American Labor Unions Essay, Research Paper
The American Labor Movement of the nineteenth century developed as a result of the city-wide organizations that unhappy workers were establishing. These men and women were determined to receive the rights and privileges they deserved as citizens of a free country. They refused to be treated like slaves, and work under unbearable conditions any longer. Workers joined together and realized that a group is much more powerful than an individual when protesting against intimidating companies. Workers realized the importance of economic and legal protection against the powerful employers who took advantage of them.
Technological improvements continually reduced the demand for skilled labor. The evidence document D provides confirms the idea; technology did improve to the extent that “100 men are now able to do what it took 300 or 400 men.” Yet, millions of immigrants entered the country between 1880 and 1910 eager for work. With an abundance of new immigrants willing to work, and no laws protecting a worker s rights, businesses disregarded the lives of the individuals. This began to change with the formation of National Unions, collaborations of trade unions created to be even more effective than the local unions.
The National Labor Union in 1866 managed to establish an eight hour work day in 1868 for federal employees. However, it fell apart in 1873 and an economic depression swept across the nation. The first large national labor organization to become popular was the Noble and Holy Order of the Knights of Labor. It was founded in 1869 by garment workers in Philadelphia who believed that one union of skilled and unskilled workers should exist. The union was originally a secret, but later was open to all workers, including blacks, women and farmers. Their goals were an eight-hour work day, a minimum wage, arbitration rather than strikes, health and safety laws, equal pay for equal work, and no child labor under the age of fourteen, However, the Knights of Labor was a relatively weak organization, and eventually fell apart.
In 1886, the American Federation of Labor (AF of L) was formed and replaced the Knights of Labor. Its leader was Samuel Gompers who only wanted to focus on skilled workers. Gompers believed that everyone should receive equal pay for equal work, and that everyone s rights should be protected. He also thought the unions should be primarily concerned with the day-to-day welfare of the members and should not become involved with politics. Gompers did testify before a House committee on labor in 1899 that the strikes were necessary (doc I). “Bread and butter” unionism was the term given to his philosophies that higher wages and fewer working hours could achieve the goal of a better life for the working people. It is apparent that after the formation of labor unions that the average workdays improved. The wages increased, while the hours decreased (doc A).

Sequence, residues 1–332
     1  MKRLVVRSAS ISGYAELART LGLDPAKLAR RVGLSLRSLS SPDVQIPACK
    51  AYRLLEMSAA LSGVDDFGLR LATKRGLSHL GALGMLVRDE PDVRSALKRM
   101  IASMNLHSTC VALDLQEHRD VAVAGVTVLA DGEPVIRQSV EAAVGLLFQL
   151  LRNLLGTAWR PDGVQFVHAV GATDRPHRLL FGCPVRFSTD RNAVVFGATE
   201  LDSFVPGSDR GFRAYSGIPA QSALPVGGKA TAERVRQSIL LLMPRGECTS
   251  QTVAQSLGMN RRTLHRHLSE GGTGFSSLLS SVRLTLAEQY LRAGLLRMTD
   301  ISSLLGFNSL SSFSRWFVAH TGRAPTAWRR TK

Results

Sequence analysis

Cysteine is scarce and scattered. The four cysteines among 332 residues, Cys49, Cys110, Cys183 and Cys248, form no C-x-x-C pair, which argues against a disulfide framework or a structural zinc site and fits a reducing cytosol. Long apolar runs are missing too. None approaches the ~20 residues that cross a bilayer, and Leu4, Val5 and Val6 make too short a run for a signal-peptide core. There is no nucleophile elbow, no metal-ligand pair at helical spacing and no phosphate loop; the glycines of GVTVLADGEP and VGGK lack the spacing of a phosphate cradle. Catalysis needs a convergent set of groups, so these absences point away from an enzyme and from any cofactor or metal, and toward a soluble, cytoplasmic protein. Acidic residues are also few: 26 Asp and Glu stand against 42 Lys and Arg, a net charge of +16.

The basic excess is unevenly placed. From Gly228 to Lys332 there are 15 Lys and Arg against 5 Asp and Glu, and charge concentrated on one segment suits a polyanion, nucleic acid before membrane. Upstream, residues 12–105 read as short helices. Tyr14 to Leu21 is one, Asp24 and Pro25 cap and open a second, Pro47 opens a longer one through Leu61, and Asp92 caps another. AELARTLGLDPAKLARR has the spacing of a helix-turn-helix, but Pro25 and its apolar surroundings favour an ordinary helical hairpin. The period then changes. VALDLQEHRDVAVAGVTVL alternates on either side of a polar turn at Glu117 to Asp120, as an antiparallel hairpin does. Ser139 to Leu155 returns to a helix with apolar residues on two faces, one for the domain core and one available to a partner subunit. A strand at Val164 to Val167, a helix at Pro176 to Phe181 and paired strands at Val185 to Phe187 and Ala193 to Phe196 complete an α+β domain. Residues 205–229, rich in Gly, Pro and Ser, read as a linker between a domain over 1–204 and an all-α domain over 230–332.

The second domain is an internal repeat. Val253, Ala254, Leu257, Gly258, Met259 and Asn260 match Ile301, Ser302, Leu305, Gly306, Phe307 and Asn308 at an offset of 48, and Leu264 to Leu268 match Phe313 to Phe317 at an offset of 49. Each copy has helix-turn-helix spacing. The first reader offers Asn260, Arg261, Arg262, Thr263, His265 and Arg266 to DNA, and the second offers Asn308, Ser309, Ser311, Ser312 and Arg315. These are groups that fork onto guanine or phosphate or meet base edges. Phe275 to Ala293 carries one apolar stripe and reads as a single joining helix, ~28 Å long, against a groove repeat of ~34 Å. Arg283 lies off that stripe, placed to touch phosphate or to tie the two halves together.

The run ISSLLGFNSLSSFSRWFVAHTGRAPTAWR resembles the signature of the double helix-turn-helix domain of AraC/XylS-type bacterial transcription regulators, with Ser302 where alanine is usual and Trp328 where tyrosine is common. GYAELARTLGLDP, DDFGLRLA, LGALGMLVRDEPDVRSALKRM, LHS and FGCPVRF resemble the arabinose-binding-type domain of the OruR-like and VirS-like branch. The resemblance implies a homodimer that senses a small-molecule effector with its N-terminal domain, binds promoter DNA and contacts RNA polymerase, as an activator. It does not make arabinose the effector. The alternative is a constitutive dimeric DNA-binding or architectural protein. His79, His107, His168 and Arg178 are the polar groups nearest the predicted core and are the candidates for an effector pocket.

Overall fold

Laborer s goals and the unwillingness of capital to grant them resulted in many violent labor conflicts and strikes. The first of these occurred with the Great Rail Strike of 1877. Rail workers all over the United States went on strike due to a ten percent pay reduction. Rioting and destruction of several cities surfaced with the efforts to stop the strike. Federal troops had to be sent in at several locations to end the strike such as Baltimore, Maryland; Chicago, Illinois; Pittsburgh, Pennsylvania; Buffalo, New York; and San Francisco, California. The editorial is an account of the happenings at on of the many railway strikes. The author describes the strike as “hopeless”, but later says the strikers have “the sympathy of a large part of the community in which they live (doc B).”
The Haymarket Square incident took place nine years later in 1886. On May 1, many workers struck for shorter hours. A group of radicals and anarchists became involved in this campaign. On May 4, a bomb exploded in Haymarket Square. Many people died, including eight police officers, and about sixty were wounded. The coroner s list illustrates the horrible aftermath after the violent riots (doc G). The fact that many o f those killed were trying to quell the riot, heightens the disconsolation.
The next riots came in 1892, at Carnegie s steel works in Homestead, Pennsylvania. The company hired three hundred Pinkerton detectives to break a strike by the Association of Iron. Steel and tin workers were fired upon and ten were killed. The National Guard was called in to resolve the situation. Non-union workers were hired and the strike was broken. Unions were not allowed back into the plant until 1937. Many companies only hired workers that signed oaths of loyalty, promising not to involve in unions. The Western Telegraph Company, along with Carnegie Mills, required the contracts.
Two years later, in 1884, a strike in the Pullman Palace Car company came about as a result of wage cuts. The American Railway union joined the strike, and much of the country s rail system was not running. Over three thousand men were trusted by General Richard Olney to keep the rails open. The federal court gave a court order against union interference with the trains since they were an important and necessary vehicle in transportation, and the strike was eventually broken.
The purpose and philosophy of a union, that a group is more powerful than any individual, has not changed throughout time. Americans are still fighting for what they believe in. They have been since the development of the country. Americans have realized that working together in unison is important for achieving their goals. The country would not have survived if the people had not compromised and “shared the wealth”.